Ben Browder talks about finding the rhythm of the show’s production crew as its newest cast member. “I’m sort of familiar with the technical aspects of a sci-fi show, how to do all the green screen work and all that,” he said in the interview. “The hardest thing is to learn everyone’s name, when they all know each other. It’s getting into the rhythm and feel of the show, the style, so that you can find your way in, so you can figure out how they work as opposed to how you used to work.
“Farscape was constructive chaos, but it was chaos we understood. They’re much more efficient up here; it’s a matter of getting used to the pace and the feeling of the show. It’s getting to know people and learning to trust one another and getting a sense of what someone else is going to do [in a scene].”
Gary Jones describes his experiences during the casting process for “Chevron Guy” more than eight years ago, and how he has grown beyond just calling out chevrons. “Now my character is a little like Radar O’Reilly [from M*A*S*H],” he said. “He knows how things run and he’s handing [Beau Bridges’s character] files before he needs them and doing stuff for him before he knows he needs it done. They gave me a promotion to Chief Master Sergeant; it’s the highest rank I think you can be without being an officer.”
Jones also revealed that he will crossover to appear in the Stargate Atlantis episode “Critical Mass.”
Dr. McKay finally finds someone with whom he can get up close and personal in “Duet.”
David Hewlett told the paper that he is excited about the shake-up in character relationships in the second season of Atlantis. “Season One set up the characters and what they’re supposed to do, like any good first season,” he said. “Where were going in Season Two completely messes with that. Rain [Rainbow Franck’s character, Lt. Ford] drops off to the dark side and comes back to make our lives miserable. All of the sudden all the trust and stuff built between the characters is broken down.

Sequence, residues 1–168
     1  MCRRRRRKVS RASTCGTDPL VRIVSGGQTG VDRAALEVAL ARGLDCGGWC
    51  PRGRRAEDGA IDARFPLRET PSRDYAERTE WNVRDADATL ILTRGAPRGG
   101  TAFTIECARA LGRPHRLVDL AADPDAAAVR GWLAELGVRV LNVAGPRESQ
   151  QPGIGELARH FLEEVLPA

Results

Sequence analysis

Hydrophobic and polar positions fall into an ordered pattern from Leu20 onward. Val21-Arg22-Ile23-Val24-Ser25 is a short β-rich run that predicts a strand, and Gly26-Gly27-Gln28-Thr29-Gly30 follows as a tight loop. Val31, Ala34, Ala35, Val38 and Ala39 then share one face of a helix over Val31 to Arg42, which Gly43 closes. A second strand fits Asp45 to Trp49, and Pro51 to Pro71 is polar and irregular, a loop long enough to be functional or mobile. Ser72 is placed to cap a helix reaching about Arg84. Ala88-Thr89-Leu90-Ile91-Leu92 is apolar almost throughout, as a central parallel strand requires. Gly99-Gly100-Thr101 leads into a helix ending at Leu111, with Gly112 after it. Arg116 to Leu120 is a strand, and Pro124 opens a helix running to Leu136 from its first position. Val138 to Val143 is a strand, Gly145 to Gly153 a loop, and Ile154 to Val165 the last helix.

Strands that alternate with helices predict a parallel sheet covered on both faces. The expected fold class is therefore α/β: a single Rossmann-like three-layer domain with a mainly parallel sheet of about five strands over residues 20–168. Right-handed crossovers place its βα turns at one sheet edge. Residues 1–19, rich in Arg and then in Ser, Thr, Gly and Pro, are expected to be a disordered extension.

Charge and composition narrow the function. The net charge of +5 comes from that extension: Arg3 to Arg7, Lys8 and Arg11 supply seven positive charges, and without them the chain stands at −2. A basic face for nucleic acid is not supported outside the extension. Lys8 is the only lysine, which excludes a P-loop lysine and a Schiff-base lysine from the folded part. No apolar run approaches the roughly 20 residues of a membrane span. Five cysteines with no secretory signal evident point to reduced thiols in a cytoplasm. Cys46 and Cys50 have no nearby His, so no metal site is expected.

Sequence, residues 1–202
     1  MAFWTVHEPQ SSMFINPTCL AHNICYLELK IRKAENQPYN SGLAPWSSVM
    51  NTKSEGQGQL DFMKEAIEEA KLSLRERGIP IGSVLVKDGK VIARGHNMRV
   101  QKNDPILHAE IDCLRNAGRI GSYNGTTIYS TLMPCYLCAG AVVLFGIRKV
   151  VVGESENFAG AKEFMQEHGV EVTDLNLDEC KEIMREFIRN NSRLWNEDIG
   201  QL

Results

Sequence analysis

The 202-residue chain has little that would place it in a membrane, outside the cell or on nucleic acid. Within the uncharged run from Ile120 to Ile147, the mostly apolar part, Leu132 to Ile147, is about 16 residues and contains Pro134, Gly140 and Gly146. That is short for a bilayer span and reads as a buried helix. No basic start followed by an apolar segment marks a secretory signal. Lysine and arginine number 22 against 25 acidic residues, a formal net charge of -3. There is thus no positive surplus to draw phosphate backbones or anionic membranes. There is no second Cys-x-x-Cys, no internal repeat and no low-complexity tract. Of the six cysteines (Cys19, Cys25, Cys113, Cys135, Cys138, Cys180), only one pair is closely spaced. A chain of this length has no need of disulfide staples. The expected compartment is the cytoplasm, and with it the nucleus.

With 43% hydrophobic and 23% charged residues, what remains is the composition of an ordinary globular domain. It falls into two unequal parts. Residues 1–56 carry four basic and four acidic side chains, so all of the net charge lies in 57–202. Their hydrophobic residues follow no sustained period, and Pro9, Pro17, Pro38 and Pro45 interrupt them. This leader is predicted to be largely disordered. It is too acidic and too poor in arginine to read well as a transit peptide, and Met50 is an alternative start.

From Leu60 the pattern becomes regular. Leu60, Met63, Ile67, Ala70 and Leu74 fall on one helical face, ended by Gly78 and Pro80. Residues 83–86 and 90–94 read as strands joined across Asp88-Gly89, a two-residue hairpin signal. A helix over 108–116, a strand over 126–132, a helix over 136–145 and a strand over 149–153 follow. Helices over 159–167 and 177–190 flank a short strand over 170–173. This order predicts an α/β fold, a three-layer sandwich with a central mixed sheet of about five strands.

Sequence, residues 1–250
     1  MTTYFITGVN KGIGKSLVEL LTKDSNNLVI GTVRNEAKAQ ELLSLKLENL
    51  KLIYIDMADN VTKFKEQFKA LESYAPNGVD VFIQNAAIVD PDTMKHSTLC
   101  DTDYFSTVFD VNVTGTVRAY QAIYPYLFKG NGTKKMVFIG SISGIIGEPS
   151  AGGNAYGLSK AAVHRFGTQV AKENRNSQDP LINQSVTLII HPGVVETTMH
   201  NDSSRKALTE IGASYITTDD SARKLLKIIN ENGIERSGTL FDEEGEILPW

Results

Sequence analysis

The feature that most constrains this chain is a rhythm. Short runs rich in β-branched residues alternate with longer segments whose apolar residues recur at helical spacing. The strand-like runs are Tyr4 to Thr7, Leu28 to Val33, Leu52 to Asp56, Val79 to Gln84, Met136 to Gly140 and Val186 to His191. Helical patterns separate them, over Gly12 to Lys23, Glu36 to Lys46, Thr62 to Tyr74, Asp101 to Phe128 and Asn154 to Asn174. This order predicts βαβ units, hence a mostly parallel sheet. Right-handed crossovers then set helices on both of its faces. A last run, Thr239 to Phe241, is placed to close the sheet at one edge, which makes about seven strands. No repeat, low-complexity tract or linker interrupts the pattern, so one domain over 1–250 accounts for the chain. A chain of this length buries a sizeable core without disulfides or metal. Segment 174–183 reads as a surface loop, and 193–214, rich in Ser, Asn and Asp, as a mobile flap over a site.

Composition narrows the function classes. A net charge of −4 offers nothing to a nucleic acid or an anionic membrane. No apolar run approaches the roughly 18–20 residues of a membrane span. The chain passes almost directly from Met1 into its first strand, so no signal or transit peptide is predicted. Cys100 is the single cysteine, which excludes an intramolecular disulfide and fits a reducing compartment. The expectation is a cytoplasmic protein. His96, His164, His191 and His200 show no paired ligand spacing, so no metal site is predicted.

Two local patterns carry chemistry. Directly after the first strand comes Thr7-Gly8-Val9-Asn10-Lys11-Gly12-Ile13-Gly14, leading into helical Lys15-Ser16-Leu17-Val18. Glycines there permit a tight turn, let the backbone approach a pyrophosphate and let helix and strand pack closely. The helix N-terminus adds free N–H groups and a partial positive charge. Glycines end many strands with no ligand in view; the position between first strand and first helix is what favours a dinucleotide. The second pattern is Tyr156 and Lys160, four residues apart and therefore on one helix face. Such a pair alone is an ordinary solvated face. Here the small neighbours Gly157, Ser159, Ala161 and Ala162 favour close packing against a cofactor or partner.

“[Up until now] McKay could just be the guy who babbles and solves the problem and then it’s solved. What’s great is this year right near the beginning McKay hits a wall. All of a sudden he doesn’t have all the answers. His arrogance and self confidence paid off [until now] but he hits a wall and screws up. [Various developments like that] bring back the friction between all the characters.”
Hewlett also appreciates the new role played by Mitch Pileggi (The X-Files), whose character Colonel Steven Caldwell introduces even more friction. “Mitch has this great character, this guy with a quest for power who’s been overlooked for running Atlantis,” he said. “He’s constantly butting heads with Weir; she’s a diplomat and he’d rather just blow things up. He’s constantly looking for things that will be of use for his superiors, so every new weapon or alien being or ancient discovery is of potential interest to him.
“McKay is aware of that. He doesn’t see himself as being slimy … but he’s willing to play off the military and Weir and Shepherd and everyone else, because he thinks his ultimate goal is to make discoveries and prove himself right. He’s been an academic for so long, he’s read all the reports, he feels he can handle things better.”
Hewlett also talks about his “love scene” with co-star Paul McGillion (“Dr. Carson Beckett”) in the August 5 episode, “Duet.”
Vala enjoys playing a god in “The Powers That Be.”
Last, but most certainly not least, Claudia Black discusses her six-episode stint as a guest star at the center of attention in SG-1‘s ninth season. “Vala is instrumental in kickstarting the story for the season,” she revealed. “I was very spoilt in that regard. It was wonderful to be in the eye of the storm as far as the story was concerned and also to be given so much comedic work to do. It was such a joy for me to do those scenes with Michael Shanks, who is a fantastic comic sparring partner.”
Will Vala go out in a blaze of glory, or have the writers left the door open for her possible return? “The window isn’t closed on Vala,” Black said. “That’s for sure. It really depends on if I’m available, and they can get what they want [storywise]. It’s a nice position to be in, to be in love with a character you’ve played, who may live on again, who you want to go back to.”
(Thanks to Tribune columnist Maureen Ryan for passing this along!)